Pleural Effusion – Causes, Symptoms, Diagnosis, And Treatment
What is pleural effusion?
A pleural effusion is an abnormal buildup of fluid in the pleural cavity. The pleural cavity is the area between the layers of tissue that line the lungs and the chest cavity. The body produces a small amount of pleural fluid to help lubricate the surfaces of the lungs and chest cavity. Pleural effusion occurs due to excessive collection of this fluid.
What causes pleural effusion?
There are two types of pleural effusion; transudative pleural effusion and exudative pleural effusion. Transudative pleural effusion is caused by fluid leaking into the pleural cavity. This occurs due to increased pressure in the blood vessels or a low blood protein count. Congestive heart failure is the most common cause of this. Exudative effusion is caused by blocked blood vessels or lymph vessels, inflammation, lung injury, and tumors.
The following are the risk factors for pleural effusion:
- Smoking and drinking alcohol
- History of high blood pressure
- History of exposure or contact with asbestos
What are the symptoms of pleural effusion?
Some people with pleural effusion exhibit no symptoms. This condition in these people is usually diagnosed by physical examination or x-rays performed due to other reasons.
The symptoms of pleural effusion can include any of the following:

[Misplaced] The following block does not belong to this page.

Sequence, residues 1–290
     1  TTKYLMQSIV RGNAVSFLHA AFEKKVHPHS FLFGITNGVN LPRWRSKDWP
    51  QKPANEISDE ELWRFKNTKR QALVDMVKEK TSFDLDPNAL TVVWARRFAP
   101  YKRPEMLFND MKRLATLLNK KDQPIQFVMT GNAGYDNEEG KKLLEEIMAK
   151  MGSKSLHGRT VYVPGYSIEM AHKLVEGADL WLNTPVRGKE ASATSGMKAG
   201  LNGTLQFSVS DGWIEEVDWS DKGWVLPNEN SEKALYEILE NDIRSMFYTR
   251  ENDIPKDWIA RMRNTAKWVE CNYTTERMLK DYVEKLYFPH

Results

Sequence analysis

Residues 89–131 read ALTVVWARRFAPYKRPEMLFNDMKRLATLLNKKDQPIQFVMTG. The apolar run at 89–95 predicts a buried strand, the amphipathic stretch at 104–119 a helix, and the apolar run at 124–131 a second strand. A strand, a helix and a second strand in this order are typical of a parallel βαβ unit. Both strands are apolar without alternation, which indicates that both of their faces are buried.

- Sharp chest pain that is worse with a cough or deep breathing
- Shortness of breath
- Rapid breathing
- Fever and chills
How is pleural effusion diagnosed?
Your doctor will perform a physical examination and review your symptoms. The exam includes listening to your lungs with a stethoscope and tapping your chest and upper back. Usually, the doctor can diagnose the condition with help of a chest CT scan or a chest x-ray
Your doctor may remove (aspiration) a sample of the fluid from the pleural cavity for testing. These tests are done to check for the following:
- Cancer cells
- Protein levels
The doctor may also order some blood tests to check if there are any other abnormalities, such as infections or anemia. The blood tests can include:
- Complete blood count (CBC)
- Kidney function blood tests
- Liver function blood tests
Depending on the necessity, the doctor may also order the following other tests:
- Echocardiogram to check for heart failure
- Lung biopsy to check for cancer
- Bronchoscopy to check the airways for problems or cancer
How is pleural effusion treated?
The immediate goal of treatment would be to remove the fluid and prevent fluid from building up again. Thereafter, depending on the diagnosis, the doctor will treat the cause of the fluid buildup.
The excess fluid is removed by a procedure called thoracentesis. Removing the fluid allows the lung to expand, making breathing easier.
Thereafter, the doctor will treat the cause of the pleural effusion appropriately to prevent fluid buildup in the future.
This feature is for informational purposes only and is not intended to substitute the expert guidance of a doctor. We advise seeing a doctor if you have any health concerns.